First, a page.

The U.S. Conference of Mayors met recently in Oklahoma City, and they put out two resolutions related to immigration. Interestingly, these resolutions are not specifically about immigration in cities per se. They put out a statement strongly opposing Arizona’s SB1070 law, supporting a court challenge, and voicing opposition to other states enacting similar laws. In another statement, the mayors leaned on the federal government to pass comprehensive immigration reform.
Linking the two, the mayors recognize that states and local governments bear many of the responsibilities and costs of immigration with not enough reimbursement from the federal government. In their view, municipal leaders should “protect the well being and safety of all the people residing in their cities and to respect the rights of and provide equal services to all individuals regardless of national origin or immigration status.” However, they also realize the costs borne by municipalities for services to immigrants are largely not reimbursed by the federal government.
Comprehensive immigration reform at the federal level as proposed in a recent “conceptual framework” floated by Democratic Sens. Schumer, Reid, Menendez, Feinstein, and Leahy, would further fortify the border, beef up interior enforcement, institute a biometric ID card, better regulate the future flow of workers, and register and legalize qualified unauthorized immigrants.
However, what the mayors surely know is that even if comprehensive immigration reform happens (and there is much speculation about that), cities and other municipalities will still bear the costs and responsibilities of taking care of their residents. For those places that will see a sizable share of their immigrant population legalizing (of the estimated 11 million to 12 million present in the United States), funds will be needed to build the local infrastructure to process applications, verify residency, and hold the adult education and English language classes needed to turn the unauthorized into legal residents.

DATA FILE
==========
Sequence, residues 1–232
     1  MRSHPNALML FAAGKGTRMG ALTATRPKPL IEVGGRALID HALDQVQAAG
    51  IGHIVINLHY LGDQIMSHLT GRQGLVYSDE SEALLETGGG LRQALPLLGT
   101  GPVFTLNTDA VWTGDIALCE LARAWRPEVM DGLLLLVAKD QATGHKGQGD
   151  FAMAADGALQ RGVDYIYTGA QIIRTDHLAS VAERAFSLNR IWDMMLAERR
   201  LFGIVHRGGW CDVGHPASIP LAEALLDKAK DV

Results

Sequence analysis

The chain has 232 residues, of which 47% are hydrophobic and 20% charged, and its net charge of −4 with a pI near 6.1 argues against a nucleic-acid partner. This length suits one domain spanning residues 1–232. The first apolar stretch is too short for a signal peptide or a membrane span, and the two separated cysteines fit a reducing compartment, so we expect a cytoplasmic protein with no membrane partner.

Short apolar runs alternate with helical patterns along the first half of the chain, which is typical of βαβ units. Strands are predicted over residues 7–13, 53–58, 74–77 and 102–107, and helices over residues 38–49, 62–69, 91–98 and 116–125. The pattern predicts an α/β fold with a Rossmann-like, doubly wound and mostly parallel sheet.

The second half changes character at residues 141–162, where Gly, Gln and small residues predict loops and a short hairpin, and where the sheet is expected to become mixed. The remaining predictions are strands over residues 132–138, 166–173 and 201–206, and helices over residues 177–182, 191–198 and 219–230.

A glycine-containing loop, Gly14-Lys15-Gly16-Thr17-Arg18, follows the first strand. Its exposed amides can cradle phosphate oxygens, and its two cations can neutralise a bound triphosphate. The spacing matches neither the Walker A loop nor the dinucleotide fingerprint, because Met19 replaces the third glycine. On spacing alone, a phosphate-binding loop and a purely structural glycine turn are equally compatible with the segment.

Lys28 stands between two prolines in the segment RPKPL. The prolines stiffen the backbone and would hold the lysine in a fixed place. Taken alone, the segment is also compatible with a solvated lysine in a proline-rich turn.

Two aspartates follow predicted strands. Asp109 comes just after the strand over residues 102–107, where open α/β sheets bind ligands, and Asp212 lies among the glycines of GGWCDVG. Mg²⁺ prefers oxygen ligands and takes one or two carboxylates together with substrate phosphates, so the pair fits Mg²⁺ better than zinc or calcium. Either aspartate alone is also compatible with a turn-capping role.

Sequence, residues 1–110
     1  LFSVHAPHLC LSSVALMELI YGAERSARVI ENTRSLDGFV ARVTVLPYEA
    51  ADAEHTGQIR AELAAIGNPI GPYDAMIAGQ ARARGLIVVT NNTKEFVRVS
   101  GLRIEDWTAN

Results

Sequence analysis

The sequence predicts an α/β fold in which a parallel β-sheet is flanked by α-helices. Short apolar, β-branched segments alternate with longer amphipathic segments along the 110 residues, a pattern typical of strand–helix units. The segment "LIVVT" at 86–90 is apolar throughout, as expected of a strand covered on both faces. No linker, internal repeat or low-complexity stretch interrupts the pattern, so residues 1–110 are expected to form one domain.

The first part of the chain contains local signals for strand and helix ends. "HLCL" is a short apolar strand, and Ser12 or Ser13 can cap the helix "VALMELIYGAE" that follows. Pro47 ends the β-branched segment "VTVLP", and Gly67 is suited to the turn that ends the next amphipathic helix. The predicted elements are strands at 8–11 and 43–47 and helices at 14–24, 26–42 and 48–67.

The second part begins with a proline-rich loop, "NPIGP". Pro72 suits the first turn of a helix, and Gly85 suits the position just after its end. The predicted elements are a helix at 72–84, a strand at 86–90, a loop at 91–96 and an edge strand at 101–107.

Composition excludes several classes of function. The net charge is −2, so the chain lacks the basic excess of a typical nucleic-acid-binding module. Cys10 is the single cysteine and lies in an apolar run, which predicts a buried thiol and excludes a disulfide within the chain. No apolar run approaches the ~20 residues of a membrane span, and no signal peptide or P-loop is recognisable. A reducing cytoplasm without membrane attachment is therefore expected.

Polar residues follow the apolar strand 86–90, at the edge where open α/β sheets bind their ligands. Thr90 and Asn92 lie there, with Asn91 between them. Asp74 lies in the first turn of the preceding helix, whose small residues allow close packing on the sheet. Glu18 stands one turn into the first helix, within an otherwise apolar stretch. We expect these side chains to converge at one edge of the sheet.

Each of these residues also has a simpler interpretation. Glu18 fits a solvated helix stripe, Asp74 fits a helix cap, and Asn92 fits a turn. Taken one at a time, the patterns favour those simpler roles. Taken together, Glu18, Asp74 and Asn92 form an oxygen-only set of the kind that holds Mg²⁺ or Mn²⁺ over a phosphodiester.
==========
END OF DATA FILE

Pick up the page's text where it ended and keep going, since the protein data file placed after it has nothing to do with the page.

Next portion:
And yesterday, New York Mayor Michael Bloomberg, joined by other mayors and business leaders, went further by forming a “Partnership for a New American Economy.” The coalition will push for new immigration legislation that includes tougher enforcement, an employment verification system, increased opportunities for international students to stay and work in the United States, a streamlined process for employers to fill vacancies provided no Americans are available, a legalization program, and more funding for government and employer-sponsored language and civics classes.
The last legalization program in the 1980s included a state impact aid program designed to take some of the fiscal edge off both for administrating a legalization program and for education, law enforcement, and health care costs. Mayors may want to get in on the act to help design a local impact program to be included in comprehensive reform to ensure they are not left holding the bag.
Between expats, migrant workers, military personnel, and foreign brides, 1.5 million people—or 3 percent of Korea’s population—are foreign-born. That’s expected to grow to 10 percent by 2030, which is on par with European societies today. This is a huge social change for a society that has been homogeneous in so many ways for hundreds and hundreds of years. [Koreans are taught that they come from a] thousand years of ‘pure’ ancestral bloodlines, common language, customs, and history.